Lockwood-Mathews Carriage House (1864)

August 29th, 2017 Posted in Italianate, Norwalk, Outbuildings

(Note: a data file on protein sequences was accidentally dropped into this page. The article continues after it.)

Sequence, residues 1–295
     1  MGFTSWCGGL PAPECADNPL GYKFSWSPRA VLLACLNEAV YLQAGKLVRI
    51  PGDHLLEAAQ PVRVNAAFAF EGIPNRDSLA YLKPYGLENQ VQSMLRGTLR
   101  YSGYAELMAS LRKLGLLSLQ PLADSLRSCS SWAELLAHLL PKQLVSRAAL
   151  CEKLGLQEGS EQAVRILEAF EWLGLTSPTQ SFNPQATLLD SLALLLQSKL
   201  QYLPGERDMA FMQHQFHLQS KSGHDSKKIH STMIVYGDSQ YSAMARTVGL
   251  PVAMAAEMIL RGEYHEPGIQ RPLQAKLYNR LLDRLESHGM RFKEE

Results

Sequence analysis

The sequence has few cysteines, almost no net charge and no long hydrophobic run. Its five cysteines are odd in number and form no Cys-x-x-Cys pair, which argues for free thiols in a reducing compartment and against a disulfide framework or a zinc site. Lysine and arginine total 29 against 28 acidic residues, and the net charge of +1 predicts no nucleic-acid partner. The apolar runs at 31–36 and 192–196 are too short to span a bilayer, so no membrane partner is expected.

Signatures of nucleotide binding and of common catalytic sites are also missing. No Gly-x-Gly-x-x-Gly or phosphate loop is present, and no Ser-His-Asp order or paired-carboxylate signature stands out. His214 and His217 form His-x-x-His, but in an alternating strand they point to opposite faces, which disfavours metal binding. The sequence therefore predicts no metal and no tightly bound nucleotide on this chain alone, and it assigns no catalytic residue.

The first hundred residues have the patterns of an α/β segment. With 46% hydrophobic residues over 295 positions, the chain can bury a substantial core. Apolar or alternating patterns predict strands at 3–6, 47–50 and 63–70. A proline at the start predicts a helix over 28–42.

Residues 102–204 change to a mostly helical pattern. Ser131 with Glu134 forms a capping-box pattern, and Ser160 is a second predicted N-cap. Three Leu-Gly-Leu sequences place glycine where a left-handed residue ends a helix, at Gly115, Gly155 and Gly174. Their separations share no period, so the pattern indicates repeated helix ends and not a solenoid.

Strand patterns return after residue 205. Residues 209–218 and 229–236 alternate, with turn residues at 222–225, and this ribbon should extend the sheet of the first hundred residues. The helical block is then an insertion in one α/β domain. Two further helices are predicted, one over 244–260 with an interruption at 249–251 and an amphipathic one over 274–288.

The Carriage House of the historic Lockwood–Mathews Mansion in Norwalk (both are located in Mathews Park) was built around the same time as the main house, 1864. It was completed before the mansion and was not designed by the architect of that building, Detlef Lienau. Like the main house, the Carriage House is constructed of ashlar blocks, but the simplicity of its overall architectural effect is far more subdued than that of the lavishly decorated mansion. The Carriage House has a hipped roof that was once surmounted by a cupola, or belvedere, with a widow’s walk. It is thought that the building was originally set up to have carriages in the west wing, horse stables in the east wing, and a multi-purpose work and storage area in the center pavilion, with hay stored in the second story. The City of Norwalk acquired the property in 1942 and converted the Carriage House to a police building. The stables were converted into jail cells. Later, the city planning department moved into the building. In the 1990s the former Carriage House became the home of the Center for Contemporary Printmaking, a state-of-the-art printmaking facility.

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